The Kremlin’s modus operandi is simple: spread fear and uncertainty through provocative military moves and unrelenting propaganda at home and abroad, says Michael Khodarkovsky, a professor of history at Loyola University.
“While Moscow’s saber rattling has clearly failed to intimidate the West, Russia’s military and its nuclear arsenal remain the only aces in Mr. Putin’s hand,” he writes for The New York Times. “So the Kremlin can be expected to continue escalating its disinformation and propaganda.”
The Russian government aims to compel the European countries to divide the world once again into zones of influence and recognize an authoritarian semi-criminal corporative system with an unchanging government as an equal partner, said Grigory Yavlinsky (left), leader of the liberal Yabloko party. Additionally, the Kremlin does not hide its desire to limit the sovereignty of the former Soviet republics, he added, according to the MEMRI Russian Media Studies Project.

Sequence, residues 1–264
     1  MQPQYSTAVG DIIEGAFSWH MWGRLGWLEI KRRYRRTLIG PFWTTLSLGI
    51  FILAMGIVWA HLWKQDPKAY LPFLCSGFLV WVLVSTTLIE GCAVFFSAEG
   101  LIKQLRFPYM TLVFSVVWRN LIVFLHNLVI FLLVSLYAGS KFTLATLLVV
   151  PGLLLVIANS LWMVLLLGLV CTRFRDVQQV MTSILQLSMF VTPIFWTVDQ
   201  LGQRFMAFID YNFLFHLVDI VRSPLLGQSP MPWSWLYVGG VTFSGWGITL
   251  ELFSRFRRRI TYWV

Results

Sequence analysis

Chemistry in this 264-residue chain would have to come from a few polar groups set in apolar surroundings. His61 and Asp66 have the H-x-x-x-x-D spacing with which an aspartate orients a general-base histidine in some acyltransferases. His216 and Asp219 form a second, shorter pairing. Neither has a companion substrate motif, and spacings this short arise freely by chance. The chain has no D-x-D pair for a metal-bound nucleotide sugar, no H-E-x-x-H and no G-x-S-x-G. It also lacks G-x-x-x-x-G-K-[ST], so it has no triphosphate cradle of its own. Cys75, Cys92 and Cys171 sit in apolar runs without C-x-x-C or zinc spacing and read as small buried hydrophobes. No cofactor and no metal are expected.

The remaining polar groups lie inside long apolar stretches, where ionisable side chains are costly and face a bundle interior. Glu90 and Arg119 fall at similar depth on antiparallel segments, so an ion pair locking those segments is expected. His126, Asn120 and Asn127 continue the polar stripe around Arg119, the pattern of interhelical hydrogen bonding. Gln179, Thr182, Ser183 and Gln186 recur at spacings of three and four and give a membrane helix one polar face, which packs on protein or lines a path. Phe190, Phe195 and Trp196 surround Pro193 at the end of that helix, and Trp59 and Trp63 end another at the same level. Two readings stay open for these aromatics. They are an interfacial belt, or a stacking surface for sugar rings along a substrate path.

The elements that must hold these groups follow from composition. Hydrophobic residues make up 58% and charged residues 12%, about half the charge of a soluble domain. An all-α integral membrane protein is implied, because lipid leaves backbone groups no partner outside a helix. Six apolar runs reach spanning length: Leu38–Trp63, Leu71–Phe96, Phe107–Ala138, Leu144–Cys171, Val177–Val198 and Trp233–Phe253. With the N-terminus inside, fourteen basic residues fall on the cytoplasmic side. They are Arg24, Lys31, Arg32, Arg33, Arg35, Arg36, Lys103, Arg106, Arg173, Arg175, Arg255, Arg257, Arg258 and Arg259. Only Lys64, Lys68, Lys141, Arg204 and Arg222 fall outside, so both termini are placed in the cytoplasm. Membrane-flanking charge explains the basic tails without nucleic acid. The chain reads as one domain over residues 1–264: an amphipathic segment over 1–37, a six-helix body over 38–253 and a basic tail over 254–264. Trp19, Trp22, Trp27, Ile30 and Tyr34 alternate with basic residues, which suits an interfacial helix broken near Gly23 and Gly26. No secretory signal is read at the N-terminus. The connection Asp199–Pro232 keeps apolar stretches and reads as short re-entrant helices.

Individuals and organizations across the British political spectrum have over recent years established connections with their counterparts in Russia, many of which are funded or supported by the Kremlin to undermine the West, according to Putin’s Useful Idiots: Britain’s, Left, Right and Russia, a new paper from the Henry Jackson Society. It outlines why, given Russia’s recent foreign policy actions, the UK must take a comprehensive look at this development in order to guarantee its security.
The paper’s key observations include: